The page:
Thanks for your question! Texas and Delaware have separate tax frameworks so this response will provide general details on tax liabilities for limited liability corporations and then analyze each state’s tax structure separately.
Limited Liability Corporations (LLCs) are not taxed on their profits directly. Instead, profits “pass through” the business and the LLCs members report the profits on their personal federal and state tax returns (if the state has a personal income tax). Assuming your business is not automatically classified as a corporation, the IRS will either treat your firm as a sole proprietorship if your LLC has one owner or a partnership if the LLC has more than one owner. If your LLC is a sole proprietorship, you will report its profits or losses on your personal income tax return. If your LLC is a partnership, you and your partners will report its profits or losses in proportion to your ownership shares in the firm.
Delaware LLCs are classified as partnerships for state income tax purposes and must pay a franchise tax and registered agent tax. There is no sales tax on goods or services. And you will not pay state business income tax unless your firm does business in Delaware. If you provide more information, I can advise you on special taxes that you may have to pay should you incorporate within the state.
On the other hand, limited liability corporations registered in Texas generally only have to pay franchise, property, and sales taxes. Texas does not have a personal income tax. Texas does, however, impose special taxes on firms operating in certain sectors. Here is an organized list that should help you assess whether your tax liability in the state would be too onerous:
o Oil manufacturers, distributors, and importers that sell motor oil to the public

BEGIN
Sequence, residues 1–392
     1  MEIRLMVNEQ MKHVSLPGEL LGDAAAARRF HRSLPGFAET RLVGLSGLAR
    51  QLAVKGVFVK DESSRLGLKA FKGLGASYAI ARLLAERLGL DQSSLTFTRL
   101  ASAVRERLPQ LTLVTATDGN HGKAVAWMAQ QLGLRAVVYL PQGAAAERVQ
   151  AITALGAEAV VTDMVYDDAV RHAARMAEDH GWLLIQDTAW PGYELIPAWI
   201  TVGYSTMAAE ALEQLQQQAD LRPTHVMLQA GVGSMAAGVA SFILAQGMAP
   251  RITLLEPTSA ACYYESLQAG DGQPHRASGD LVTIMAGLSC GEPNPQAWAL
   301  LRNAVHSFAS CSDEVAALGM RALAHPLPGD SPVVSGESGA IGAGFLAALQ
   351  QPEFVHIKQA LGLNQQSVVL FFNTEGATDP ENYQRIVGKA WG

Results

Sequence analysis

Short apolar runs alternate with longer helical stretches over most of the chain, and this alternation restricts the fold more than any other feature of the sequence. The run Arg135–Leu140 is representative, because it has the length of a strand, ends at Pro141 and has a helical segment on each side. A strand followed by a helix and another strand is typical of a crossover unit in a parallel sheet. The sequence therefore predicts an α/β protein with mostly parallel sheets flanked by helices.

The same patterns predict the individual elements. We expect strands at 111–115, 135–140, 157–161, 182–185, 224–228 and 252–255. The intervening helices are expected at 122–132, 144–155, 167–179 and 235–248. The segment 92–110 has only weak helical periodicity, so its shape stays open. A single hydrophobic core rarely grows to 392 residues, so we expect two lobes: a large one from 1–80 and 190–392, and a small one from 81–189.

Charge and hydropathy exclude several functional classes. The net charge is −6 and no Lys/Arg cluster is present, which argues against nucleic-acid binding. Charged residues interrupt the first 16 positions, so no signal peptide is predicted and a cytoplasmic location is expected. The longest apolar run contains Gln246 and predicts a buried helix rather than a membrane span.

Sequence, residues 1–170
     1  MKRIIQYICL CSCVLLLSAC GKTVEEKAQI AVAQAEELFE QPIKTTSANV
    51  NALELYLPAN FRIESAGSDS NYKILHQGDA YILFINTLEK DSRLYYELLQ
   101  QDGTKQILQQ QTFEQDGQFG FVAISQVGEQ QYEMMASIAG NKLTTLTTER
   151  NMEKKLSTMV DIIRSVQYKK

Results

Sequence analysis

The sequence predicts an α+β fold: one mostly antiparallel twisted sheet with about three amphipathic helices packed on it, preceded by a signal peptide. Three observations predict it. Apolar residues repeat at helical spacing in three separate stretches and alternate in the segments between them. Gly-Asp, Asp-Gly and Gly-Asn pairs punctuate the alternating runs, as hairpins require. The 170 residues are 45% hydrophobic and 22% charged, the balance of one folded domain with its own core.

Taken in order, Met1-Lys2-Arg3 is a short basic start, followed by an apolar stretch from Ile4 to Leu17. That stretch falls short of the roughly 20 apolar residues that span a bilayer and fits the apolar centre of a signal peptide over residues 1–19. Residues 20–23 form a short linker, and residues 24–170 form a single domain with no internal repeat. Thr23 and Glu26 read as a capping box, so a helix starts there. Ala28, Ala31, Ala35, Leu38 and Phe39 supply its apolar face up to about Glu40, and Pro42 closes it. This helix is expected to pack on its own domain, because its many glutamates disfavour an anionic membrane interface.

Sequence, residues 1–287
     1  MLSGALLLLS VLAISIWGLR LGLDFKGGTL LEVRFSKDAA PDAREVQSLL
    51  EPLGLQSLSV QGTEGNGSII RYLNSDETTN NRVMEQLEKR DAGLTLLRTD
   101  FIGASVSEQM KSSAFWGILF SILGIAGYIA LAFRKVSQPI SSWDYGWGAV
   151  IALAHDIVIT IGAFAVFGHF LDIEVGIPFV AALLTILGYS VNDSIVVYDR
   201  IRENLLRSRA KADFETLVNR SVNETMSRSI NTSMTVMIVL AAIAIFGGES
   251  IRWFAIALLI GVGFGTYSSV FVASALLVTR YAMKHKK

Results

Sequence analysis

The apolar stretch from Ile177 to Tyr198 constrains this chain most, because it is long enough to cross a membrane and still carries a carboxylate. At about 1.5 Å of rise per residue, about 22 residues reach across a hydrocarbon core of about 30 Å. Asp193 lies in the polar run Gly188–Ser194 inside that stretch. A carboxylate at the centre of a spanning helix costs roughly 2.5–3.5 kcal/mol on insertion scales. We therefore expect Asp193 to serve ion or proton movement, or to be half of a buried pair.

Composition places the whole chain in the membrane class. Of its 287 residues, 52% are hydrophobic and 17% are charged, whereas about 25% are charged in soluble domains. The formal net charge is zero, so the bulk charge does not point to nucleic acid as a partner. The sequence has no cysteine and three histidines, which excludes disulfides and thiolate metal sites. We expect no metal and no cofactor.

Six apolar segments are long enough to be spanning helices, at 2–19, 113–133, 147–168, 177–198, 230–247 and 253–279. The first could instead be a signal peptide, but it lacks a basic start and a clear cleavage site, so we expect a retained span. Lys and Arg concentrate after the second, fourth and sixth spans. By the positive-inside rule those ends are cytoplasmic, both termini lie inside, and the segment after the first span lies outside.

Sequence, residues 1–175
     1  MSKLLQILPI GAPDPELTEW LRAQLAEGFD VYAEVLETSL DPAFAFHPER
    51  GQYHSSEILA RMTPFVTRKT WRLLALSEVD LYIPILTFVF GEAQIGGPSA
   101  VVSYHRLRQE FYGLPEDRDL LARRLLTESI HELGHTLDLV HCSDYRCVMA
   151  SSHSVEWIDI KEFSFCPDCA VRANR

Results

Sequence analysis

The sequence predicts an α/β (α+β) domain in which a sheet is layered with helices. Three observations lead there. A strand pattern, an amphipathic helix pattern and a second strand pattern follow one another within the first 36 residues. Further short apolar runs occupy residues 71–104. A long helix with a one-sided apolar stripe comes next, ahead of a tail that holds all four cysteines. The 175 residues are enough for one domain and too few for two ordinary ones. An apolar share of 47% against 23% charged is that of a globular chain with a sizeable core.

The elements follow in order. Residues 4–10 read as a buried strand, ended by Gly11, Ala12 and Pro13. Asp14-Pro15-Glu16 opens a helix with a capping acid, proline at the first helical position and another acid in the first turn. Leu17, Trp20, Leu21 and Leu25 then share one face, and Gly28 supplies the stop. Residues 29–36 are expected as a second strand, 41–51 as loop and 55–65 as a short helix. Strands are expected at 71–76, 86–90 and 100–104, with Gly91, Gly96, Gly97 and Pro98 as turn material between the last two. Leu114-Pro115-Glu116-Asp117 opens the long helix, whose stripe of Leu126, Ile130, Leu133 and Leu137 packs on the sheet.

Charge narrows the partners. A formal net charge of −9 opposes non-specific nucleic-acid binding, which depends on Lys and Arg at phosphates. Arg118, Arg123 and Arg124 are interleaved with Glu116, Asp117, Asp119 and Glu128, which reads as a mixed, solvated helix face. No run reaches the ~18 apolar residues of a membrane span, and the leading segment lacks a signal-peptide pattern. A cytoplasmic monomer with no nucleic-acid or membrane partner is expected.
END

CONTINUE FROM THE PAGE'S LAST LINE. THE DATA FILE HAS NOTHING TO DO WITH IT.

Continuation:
o Firms that sell, store, or consume new or used lead-acid batteries
o Purchase boats in Texas or import boats from another state
o Businesses that sell, lease, purchase or rent heavy duty diesel equipment
o Companies that rent, sell, or purchase motor vehicles
o Firms that manufacture, produce, or import cement into Texas and distribute or sell the cement in the state
o Companies that own control, or furnish the tools, instruments, equipment, or chemical, electrical, or mechanical process used in providing natural gas or crude oil
o Businesses that purchase crude oil or supply / transfer gasoline and diesel fuel
o Companies that produce natural gas or sell and deliver the gas into a vehicle’s supply tank
Entertainment and Hospitality Businesses
o Casinos and horse racetracks
o Companies that sell alcohol, cigars, tobacco, cigarettes or provide sexually-oriented services
o Stores that harvest, purchase, handle, or store oysters
o Hotels, bed and breakfasts, condominiums, apartments, and houses that rent rooms at a rate higher than $15 a day
Financial Institutions, Public Utilities, and Insurance Companies
o Banks that charge an administrative fee for personal property loans and secondary mortgage loans
o Utility companies that do business within an incorporated city with a population greater than 1,000
o Foreign and alien insurers licensed to conduct business in Texas
o Car, home, fire, and farm insurance companies
o Insurance firms and HMOs licensed by the state of Texas
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